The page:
No one has to tell a group of people like yourselves a long list of dreamy statistics reminding you of what you already know - that people in this country generally,
blac working class and poor people particularly, are ill housed in structures over which they have no control, no control over rent, no control over design, no control over location, and no control over maintenance. That is not news to any of you. It ought not [illegible] be news to anyone else. None of you needs to be told that 27 years after the original promise to provide every American family with a healthful and liveable home, one-sixth of our population still lives in dangerous, sub-standard housing. You might want to be re-minded, however, of something your president Richard Nixon said earlier this year.
"Of all the services, facilities or other amenities a community provides, few matter more to the individual and his family than the kind of housing he lives in - the kind of neighborhood of which that housing is a part. Through the ages, men have fought to defend their homes; they have struggled, and often dared the wilderness, in order to secure better homes."
These are wonderful words.
It would be wonderful if he meant them.
Perhaps inspired by those noble & stirring sentiments,
Earlier this year, The Congressional Black Caucus, composed of the thirteen representatives in the United States House of Representatives who represent us all, presented a series of recommendations to President Nixon.
Under the topic "Housing and Urban Development", they asked for: - $150 million in supplemental funds for public housing; - Implementation of the Uniform Rehabilitation Act to insure an adequate stock of moderate and low income housing for displaced persons; - A uniform policy of site selection for HUD, to avoid reinforcement of housing segregation, and the amendment of Executive Order 11512 to assure that all residential communites are open to all economic and racial groups as a condition of eligibility for location of federal installations.
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The president's response was long in coming, and when it did come, evasive and to say the least, disappointing to those who waited for it. and vastly different from his earlier call to struggle No extra monies would be available in supplemental funds. Words, not actions, met the request for housing for displaced low and moderate income Americans. HUD estimated that only 25,000 dwelling units would be available in 1972, or feeer than one city, Washington D.C. could use today.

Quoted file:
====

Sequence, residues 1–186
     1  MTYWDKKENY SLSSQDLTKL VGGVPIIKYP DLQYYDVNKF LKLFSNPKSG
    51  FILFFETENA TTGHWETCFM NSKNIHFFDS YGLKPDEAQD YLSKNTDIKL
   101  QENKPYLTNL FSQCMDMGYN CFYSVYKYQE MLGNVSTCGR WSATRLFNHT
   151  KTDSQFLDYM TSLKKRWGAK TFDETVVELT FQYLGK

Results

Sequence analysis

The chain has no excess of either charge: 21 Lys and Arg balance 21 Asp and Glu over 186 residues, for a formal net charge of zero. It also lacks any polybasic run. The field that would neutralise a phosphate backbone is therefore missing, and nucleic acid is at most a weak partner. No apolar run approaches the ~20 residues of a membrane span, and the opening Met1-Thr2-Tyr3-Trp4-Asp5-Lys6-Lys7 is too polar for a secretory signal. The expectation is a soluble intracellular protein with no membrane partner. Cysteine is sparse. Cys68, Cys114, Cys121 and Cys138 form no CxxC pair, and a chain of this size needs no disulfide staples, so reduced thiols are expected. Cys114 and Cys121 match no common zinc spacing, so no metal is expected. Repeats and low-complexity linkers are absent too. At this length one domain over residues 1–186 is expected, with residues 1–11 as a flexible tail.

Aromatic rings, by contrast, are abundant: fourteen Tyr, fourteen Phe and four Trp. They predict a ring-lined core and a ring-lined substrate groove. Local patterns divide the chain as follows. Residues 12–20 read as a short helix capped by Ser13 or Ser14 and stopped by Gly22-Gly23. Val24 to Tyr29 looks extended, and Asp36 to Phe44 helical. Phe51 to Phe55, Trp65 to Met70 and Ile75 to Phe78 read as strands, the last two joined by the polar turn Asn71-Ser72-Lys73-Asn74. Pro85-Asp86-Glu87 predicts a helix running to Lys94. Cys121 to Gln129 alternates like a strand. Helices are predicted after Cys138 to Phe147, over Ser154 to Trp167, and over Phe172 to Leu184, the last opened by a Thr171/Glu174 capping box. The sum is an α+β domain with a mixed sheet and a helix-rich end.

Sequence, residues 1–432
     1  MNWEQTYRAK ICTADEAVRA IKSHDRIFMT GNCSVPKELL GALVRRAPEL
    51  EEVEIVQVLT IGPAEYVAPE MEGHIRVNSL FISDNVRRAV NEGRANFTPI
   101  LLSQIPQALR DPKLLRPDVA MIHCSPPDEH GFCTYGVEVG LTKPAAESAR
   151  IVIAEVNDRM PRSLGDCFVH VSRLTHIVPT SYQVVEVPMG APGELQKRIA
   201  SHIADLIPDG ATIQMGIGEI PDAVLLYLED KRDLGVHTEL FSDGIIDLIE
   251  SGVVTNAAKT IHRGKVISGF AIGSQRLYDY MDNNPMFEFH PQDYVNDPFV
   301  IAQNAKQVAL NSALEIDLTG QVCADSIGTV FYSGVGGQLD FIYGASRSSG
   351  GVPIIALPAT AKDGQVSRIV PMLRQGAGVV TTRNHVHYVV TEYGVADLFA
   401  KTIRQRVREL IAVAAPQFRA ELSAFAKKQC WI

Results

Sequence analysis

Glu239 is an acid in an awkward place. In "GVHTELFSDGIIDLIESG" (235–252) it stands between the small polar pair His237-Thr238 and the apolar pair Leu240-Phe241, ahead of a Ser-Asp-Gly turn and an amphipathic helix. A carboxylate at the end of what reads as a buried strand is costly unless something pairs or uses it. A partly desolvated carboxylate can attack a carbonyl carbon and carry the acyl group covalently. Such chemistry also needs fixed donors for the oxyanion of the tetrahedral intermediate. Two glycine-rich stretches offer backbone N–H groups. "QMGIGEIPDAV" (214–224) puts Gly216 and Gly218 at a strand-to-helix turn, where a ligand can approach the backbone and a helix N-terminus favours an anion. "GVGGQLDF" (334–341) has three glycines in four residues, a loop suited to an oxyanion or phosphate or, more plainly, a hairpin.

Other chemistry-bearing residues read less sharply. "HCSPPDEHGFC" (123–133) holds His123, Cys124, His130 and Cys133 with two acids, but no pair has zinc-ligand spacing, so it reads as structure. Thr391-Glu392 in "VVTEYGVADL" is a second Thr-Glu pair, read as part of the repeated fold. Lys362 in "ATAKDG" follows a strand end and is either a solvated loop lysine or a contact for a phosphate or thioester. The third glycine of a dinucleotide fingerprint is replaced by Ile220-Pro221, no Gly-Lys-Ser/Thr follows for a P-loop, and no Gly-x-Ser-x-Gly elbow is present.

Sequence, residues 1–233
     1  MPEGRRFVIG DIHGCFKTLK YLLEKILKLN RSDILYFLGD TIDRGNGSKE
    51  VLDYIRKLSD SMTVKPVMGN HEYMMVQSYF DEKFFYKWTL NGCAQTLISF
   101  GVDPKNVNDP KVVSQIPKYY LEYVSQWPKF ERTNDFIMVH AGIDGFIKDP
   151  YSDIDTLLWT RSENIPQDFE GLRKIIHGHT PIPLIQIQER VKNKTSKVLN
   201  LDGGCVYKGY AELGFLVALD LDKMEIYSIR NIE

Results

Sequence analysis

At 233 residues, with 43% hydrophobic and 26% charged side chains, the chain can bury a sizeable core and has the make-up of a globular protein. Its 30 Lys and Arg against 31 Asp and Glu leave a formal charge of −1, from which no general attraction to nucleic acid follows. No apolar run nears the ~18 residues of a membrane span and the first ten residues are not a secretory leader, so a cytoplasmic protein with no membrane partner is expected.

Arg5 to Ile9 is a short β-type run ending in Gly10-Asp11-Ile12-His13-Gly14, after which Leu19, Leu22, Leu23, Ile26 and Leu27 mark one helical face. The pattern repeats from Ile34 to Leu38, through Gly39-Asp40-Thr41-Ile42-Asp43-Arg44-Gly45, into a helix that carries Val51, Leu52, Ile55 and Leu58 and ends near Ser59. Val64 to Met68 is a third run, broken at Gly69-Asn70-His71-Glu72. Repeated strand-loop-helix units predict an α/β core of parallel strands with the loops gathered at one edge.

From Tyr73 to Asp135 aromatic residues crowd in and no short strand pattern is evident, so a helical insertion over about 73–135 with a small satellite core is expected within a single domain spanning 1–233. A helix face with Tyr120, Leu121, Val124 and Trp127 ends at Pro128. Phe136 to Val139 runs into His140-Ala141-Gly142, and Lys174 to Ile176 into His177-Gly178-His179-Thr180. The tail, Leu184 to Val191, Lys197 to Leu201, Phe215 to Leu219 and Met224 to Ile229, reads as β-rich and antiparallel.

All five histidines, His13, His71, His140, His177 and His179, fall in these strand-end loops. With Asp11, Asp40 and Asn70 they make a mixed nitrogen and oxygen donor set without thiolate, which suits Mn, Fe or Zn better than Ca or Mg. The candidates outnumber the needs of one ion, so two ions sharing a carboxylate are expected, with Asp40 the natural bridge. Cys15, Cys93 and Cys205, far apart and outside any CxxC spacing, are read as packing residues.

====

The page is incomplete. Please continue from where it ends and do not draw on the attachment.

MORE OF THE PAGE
"...The current state of the nation", the Caucus said, "which may be mildly inconvenient to the majority of white America, is for the black brown, red, and poor... A true crisis which approaches the intolerable. Given this situation, business as usual, bureaucracy as usual, is simply not good enough." *
Given that statement, it is interesting to note that the history of tenant agitation and organization parallels the history and
*Report to the Nation, The Congressional Black Caucus, May 24, 1971
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development of agitation and organization of black people in this country through the '60s.
As the early sixties saw the birth in the rural South of a new kind of aggressiveness among the people America had thought were too servile and too subdued to protest against their condition in life, the northern urban poor, living in vertical prisons of concrete and glass, began through tenant organizations, rent strikes, and tenant unions to put flesh on a drive that had been building for many years, the desire of tenants to have something to say about their homes, their rents, their very lives.
Now these two movements - the southern drive which has turned in the late sixties and the beginning of the '70s, toward concerted political action, the movement which gave both the direction and the directors of the National Movement of Poor and Black People, and the growing